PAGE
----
The heat of summer may not encourage you to spend time outside, but don’t let it lead you to an inactive and sedentary lifestyle, which could be very dangerous to your health.
There is a strong association between sedentary regimens and poor cardiometabolic health, according to a study conducted in 2013 at the Department of Cardiovascular Sciences at United Kingdom-based Leicester General Hospital. Depleted cardiometabolic health can lead to obesity, diabetes and other metabolic syndromes.
Dr. Martha Gulati, director of preventive cardiology and women’s cardiovascular health at The Ohio State University Wexner Medical Center, attributes this prevalence of these problems to two things: North American diet and low activity.
“Activity levels among many adults and kids are very low,” Gulati says. “Very few people are meeting the daily activity requirements, while portion sizes have risen exponentially throughout the years.”
In fact, only 16 percent of women meet the recommended level of daily activity, she says. For her own patients at risk or suffering from metabolic diseases, she gives them two simple tips: Move more and eat less.
And when it comes to moving, Gulati recommends starting small with a simple walking regimen.
“We usually recommend people get 30 minutes a day of moderately intense exercise, but we really just want people to get out there, start small. Just do something,” she says.
The health benefits of walking are numerous. A study in 2013 from the Unit of Metabolic Diseases and Clinical Dietetics at the University of Bologna, Italy shows that brisk walking has a substantial effect on the prevention and even treatment of many harmful metabolic diseases.
Another 2013 study, this one from Hospital de Clínicas de Porto Alegre in Brazil, found a significant correlation in middle-aged women who incorporated a moderate level of walking (greater than 6,000 steps) and a decreased risk of cardiovascular disease and diabetes.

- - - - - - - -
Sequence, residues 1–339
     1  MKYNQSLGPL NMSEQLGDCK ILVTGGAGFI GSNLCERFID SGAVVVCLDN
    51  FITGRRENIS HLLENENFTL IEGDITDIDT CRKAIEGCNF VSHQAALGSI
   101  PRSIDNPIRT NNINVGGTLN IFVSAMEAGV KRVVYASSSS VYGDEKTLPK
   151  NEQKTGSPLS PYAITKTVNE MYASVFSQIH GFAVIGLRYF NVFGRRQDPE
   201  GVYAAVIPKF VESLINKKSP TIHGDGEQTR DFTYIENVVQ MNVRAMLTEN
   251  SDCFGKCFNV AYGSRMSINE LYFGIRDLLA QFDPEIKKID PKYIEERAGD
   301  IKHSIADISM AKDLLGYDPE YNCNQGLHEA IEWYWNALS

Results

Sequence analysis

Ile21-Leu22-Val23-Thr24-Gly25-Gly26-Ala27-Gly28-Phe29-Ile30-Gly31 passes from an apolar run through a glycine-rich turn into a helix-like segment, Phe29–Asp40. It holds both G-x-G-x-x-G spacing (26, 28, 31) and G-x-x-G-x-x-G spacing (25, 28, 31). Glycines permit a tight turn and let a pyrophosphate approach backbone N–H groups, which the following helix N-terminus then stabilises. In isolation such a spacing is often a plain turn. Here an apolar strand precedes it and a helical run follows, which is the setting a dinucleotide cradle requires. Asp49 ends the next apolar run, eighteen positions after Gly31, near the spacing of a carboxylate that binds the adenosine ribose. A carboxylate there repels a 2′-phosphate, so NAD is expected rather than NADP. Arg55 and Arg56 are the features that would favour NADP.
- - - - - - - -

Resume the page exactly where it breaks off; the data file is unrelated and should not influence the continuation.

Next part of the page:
Due to its low impact, walking is easier and safer on joints than running, making it a more manageable way to live a fit lifestyle for many women. And while running may seem more taxing, walking retains similar health benefits.
In a study completed at the Lawrence Berkeley National Laboratory in California, walking and running led to similar risk reductions for hypertension, hypercholesterolemia and diabetes mellitus. Specifically, walking decreased the risk of diabetes mellitus by 12.3 percent.
Gulati adds that people who work out, even a little bit, sleep better.
The health benefits, safety and accessibility of walking are some of the reasons why Phil Heit, president of the New Albany Walking Club and professor emeritus of physical activity and educational services at OSU, created the New Albany Walking Classic.
The Walking Classic, designed to encourage people to adopt healthy lifestyles, has grown exponentially since its creation in 2005, was voted Walk Magazine’s “Best Walking Event” in 2008 and is America’s largest walking-only race. This year’s event is slated for Sept. 8.
For registration information, visit www.newalbanywalkingclassic.com.
In the months leading up to the event, many women join the Walking Club in order to train and prepare. The club meets every Sunday at 7:30 a.m. Membership is $35 and it comes with T-shirts, health seminars and much more.
And the New Albany Walking Club isn’t the only walking group in town. The Step and Stride Walking Club of Westerville meets every Monday at 6:30 p.m. at the Westerville Sports Complex from July 1 to Sept. 23. This club also works as a preparation for its final event, the 10 Mile Challenge, on Sept. 29.
And if walking seems a bit bland for your taste, the Central Ohio Hiking Club meets every Saturday at hiking trails around central Ohio.
The appeal of these clubs is the experience to celebrate healthy lifestyles in a caring community of individuals that offer encouragement, guidance and support.
David Allen is a contributing writer. Feedback welcome at email@example.com